Oversized shoes, baggy trousers, bowler hat, moustache and cane – the character of a bumbling but well-mannered vagrant made Charlie Chaplin immortal.
Exactly 30 years ago the comedy giant died aged 88 in Vevey, western Switzerland, where he had lived since 1952.
As the Tramp, he bewitched women, protected the weak, got one over on the authorities, fought tyranny – and created cinema history.
The creator of this inimitable figure was born Charles Spencer Chaplin in London on April 16, 1889. His parents, both music hall entertainers, separated before he was three. His father died from alcohol abuse in 1901 and his mentally ill mother put him and his brother into a home.
Chaplin made his stage debut at the age of five and at 12 he got his first lead role, with tours following.
On a 1913 tour of the United States, Chaplin was spotted by film producer Mack Sennett, who hired him for his studio, the Keystone Film Company.
The original plan was for the slight Englishman to build up a little-and-large slapstick routine with Fatty Arbuckle, but instead Chaplin developed his tramp character and quickly learned the art and craft of filmmaking.
His success was astonishing: his first salary under Sennett was $150 a week, two years later he was on $1,250, the following year $10,000, and by 1918 he was being paid a million dollars a year and was the most popular comedian in the world.
In 1919 Chaplin co-founded the United Artists film distribution company with Mary Pickford, Douglas Fairbanks and DW Griffith, all of whom were seeking to escape the growing power consolidation of film distributors and financiers in the developing Hollywood studio system.
Ambitious full-length films followed, and Chaplin's perfectionism and courage ensured that films such as The Kid (1921), Gold Rush (1925), City Lights (1931) and Modern Times (1936) became cinema classics.
Chaplin's silent films made before the Great Depression in 1929 did not usually contain overt political themes or messages, apart from the Tramp's plight in poverty and his run-ins with the law, but his later films were more openly political.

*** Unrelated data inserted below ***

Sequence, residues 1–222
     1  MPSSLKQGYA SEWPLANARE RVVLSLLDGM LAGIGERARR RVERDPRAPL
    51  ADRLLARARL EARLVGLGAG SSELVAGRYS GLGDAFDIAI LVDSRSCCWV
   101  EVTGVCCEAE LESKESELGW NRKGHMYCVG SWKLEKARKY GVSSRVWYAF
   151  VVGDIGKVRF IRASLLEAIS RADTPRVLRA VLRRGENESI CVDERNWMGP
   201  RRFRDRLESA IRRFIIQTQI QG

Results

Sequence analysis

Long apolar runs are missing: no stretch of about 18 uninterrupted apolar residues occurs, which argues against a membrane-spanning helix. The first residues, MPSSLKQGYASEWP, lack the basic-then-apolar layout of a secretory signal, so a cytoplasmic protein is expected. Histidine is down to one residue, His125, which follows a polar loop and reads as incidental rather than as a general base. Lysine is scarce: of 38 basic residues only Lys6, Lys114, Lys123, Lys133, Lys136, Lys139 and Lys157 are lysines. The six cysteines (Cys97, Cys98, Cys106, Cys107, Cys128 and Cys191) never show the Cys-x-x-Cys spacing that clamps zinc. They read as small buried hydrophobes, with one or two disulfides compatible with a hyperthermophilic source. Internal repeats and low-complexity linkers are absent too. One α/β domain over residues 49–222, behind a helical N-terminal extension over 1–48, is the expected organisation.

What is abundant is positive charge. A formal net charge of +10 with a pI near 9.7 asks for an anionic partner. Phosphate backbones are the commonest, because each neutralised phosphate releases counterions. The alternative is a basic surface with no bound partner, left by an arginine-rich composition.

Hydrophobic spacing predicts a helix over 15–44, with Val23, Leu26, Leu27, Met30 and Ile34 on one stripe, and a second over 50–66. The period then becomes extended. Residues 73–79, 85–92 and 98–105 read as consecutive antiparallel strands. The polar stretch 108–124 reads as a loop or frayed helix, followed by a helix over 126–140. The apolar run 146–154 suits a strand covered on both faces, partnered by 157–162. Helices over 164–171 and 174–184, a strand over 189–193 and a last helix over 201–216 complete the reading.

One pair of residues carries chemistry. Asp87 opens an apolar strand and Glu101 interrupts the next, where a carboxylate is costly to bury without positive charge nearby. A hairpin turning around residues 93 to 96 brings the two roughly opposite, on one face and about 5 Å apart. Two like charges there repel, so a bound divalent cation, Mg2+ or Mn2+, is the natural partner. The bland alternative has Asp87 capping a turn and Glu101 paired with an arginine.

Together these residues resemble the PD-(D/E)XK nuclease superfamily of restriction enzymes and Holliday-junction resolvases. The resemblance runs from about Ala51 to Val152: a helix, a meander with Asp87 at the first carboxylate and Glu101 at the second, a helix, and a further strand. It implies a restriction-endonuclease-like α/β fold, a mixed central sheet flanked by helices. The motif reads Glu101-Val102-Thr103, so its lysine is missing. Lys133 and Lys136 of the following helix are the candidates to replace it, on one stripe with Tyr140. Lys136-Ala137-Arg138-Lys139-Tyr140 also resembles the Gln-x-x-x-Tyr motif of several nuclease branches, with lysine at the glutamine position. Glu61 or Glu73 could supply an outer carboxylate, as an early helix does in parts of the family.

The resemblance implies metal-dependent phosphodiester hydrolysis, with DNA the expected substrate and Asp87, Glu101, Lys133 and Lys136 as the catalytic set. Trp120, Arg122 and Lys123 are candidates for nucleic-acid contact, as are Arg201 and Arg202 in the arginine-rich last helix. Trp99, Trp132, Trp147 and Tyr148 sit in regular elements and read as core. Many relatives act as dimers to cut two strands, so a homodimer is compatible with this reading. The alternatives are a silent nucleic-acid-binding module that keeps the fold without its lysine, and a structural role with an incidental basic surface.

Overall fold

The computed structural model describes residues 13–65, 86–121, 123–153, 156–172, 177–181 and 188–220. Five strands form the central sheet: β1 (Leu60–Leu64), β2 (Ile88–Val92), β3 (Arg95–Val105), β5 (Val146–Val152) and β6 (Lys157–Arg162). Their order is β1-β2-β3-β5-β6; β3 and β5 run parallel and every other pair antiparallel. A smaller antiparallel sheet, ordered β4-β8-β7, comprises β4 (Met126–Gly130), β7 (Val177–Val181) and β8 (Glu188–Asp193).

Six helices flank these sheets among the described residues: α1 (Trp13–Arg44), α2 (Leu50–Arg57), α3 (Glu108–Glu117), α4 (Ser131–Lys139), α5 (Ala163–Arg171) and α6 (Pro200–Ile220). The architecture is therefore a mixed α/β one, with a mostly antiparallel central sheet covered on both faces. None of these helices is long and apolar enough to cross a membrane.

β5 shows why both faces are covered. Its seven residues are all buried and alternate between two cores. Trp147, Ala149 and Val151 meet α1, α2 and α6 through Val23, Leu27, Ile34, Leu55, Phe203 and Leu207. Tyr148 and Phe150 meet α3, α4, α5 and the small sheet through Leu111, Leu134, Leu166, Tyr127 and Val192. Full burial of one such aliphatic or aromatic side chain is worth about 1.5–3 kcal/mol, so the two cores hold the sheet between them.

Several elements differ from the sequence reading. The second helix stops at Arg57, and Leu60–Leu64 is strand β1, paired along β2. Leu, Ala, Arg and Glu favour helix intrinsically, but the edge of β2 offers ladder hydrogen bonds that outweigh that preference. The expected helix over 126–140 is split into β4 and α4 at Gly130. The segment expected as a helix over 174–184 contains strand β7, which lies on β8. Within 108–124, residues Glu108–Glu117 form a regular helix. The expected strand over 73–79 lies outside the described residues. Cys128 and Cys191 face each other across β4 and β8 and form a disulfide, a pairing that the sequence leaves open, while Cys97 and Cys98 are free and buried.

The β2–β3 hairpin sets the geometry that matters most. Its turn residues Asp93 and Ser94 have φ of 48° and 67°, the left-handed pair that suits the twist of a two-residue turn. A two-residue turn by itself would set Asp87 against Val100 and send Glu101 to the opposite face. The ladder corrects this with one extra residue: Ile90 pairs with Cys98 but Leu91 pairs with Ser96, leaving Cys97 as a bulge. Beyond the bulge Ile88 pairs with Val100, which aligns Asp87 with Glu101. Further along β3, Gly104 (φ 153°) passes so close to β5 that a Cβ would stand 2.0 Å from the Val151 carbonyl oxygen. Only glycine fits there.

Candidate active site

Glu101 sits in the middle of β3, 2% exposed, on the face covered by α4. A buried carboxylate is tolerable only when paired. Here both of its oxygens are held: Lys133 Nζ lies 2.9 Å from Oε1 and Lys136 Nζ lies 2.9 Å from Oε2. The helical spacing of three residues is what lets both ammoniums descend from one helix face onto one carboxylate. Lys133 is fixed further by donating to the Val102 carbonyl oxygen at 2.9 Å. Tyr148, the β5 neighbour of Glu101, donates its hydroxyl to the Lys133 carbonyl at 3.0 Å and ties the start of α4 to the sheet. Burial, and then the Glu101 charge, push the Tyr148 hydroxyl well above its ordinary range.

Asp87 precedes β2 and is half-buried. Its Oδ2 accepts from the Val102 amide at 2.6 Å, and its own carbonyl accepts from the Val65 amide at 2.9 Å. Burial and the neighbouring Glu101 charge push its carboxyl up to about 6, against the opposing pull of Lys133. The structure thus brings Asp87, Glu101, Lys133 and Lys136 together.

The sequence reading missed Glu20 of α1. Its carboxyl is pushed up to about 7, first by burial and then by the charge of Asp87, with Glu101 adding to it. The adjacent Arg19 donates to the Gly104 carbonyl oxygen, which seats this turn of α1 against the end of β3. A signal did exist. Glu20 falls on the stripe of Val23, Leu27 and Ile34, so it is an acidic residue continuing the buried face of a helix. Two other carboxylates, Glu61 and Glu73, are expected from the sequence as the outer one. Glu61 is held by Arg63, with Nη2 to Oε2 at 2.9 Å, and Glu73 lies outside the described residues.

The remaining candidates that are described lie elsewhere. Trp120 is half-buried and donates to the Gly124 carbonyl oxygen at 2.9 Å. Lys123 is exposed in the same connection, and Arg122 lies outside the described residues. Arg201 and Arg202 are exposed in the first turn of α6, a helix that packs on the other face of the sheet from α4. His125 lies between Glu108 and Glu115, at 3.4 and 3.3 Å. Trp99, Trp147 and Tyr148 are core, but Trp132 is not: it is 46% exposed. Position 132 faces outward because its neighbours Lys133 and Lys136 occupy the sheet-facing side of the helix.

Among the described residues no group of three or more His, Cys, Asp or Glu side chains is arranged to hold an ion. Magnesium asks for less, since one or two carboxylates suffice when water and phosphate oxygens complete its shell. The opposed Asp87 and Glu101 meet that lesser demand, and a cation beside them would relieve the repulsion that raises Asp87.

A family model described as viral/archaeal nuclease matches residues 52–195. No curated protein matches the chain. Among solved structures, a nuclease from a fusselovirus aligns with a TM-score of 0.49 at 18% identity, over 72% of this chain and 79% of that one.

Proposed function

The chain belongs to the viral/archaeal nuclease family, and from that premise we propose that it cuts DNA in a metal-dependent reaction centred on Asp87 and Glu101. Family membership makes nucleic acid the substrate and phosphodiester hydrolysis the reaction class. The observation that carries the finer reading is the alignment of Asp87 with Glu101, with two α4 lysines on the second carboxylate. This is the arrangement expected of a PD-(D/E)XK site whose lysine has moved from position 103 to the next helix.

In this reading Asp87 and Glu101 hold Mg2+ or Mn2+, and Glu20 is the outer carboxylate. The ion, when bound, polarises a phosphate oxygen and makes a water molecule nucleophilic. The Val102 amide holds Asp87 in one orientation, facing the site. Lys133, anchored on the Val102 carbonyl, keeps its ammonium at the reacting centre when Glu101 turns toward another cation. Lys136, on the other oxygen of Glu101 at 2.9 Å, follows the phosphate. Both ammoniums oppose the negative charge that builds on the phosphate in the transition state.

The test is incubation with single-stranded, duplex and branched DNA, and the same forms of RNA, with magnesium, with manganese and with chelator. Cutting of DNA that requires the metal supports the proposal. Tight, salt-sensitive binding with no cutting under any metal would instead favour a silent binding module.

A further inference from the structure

Modern Times depicts workers and poor people in dismal conditions. The final dramatic speech in The Great Dictator (1940) was critical of following patriotic nationalism without question.
Chaplin's political views might seem tame by modern standards, but in the 1940s his views were seen by many as communist.
During the McCarthyism witchhunts of the 1950s, Chaplin was accused of "un-American activities" as a suspected communist sympathiser. Head of the FBI J. Edgar Hoover instructed the FBI to keep extensive files on him and tried to end his US residency (Chaplin had always retained his British nationality).
In 1952 Chaplin visited Britain for a film premiere, but had his re-entry permit revoked by Hoover. As a result, Chaplin chose to live in exile in Switzerland with his family, moving to the Manoir de Ban in Corsier-sur-Vevey, overlooking Lake Geneva.
Chaplin made his last film, A Countess from Hong Kong, in 1966 and he returned to Hollywood to receive a special Oscar in 1973. He was knighted by Queen Elizabeth II two years later.
He was buried in Corsier-Sur-Vevey cemetery, but in March 1978 his corpse was stolen by a Polish-Bulgarian gang in an attempt to extort money from his family. The plot failed, the robbers were captured, and the corpse was recovered 11 weeks later near Lake Geneva. Chaplin's body was reburied under two metres of concrete to prevent further theft attempts.
The Manoir de Ban is now destined to become the "Charlie Chaplin Heritage Site". A museum devoted to the film pioneer and the early days of Hollywood, the site will also include a film theatre, outdoor stage, film school and restaurant.
The project had been on ice for over a year owing to legal wrangles, but in December it was announced that investors had agreed in principle to buy the Manoir de Ban and that building could be finished by summer 2009.
swissinfo, based on a German article by Philippe Triverio
Chaplin was born on April 16, 1889, in London.
He began his career as an actor on the English stage in 1903.
In 1914 he made his first screen appearance.
After being accused of being a communist sympathiser, he left the United States for good in 1952 and settled in Switzerland.
He died at his Swiss estate in Corsier-sur-Vevey on December 25, 1977.
The Museum for the Tramp
The Chaplin Museum foundation has been trying for years to turn the comedian's old home in Corsier-sur-Vevey into a museum.
It had originally hoped to open the museum on the 30th anniversary of Chaplin's death, but a resident at the Manoir de Ban had lodged a complaint, which was dismissed in December – although the issue can still be taken to the federal court.
It was announced in December that two buyers had been found who were willing to pay SFr7 million ($6 million) for the Manoir de Ban.
However, an additional SFr23 million would be needed for renovation and completion of the rebuilding would take an estimated 15 months.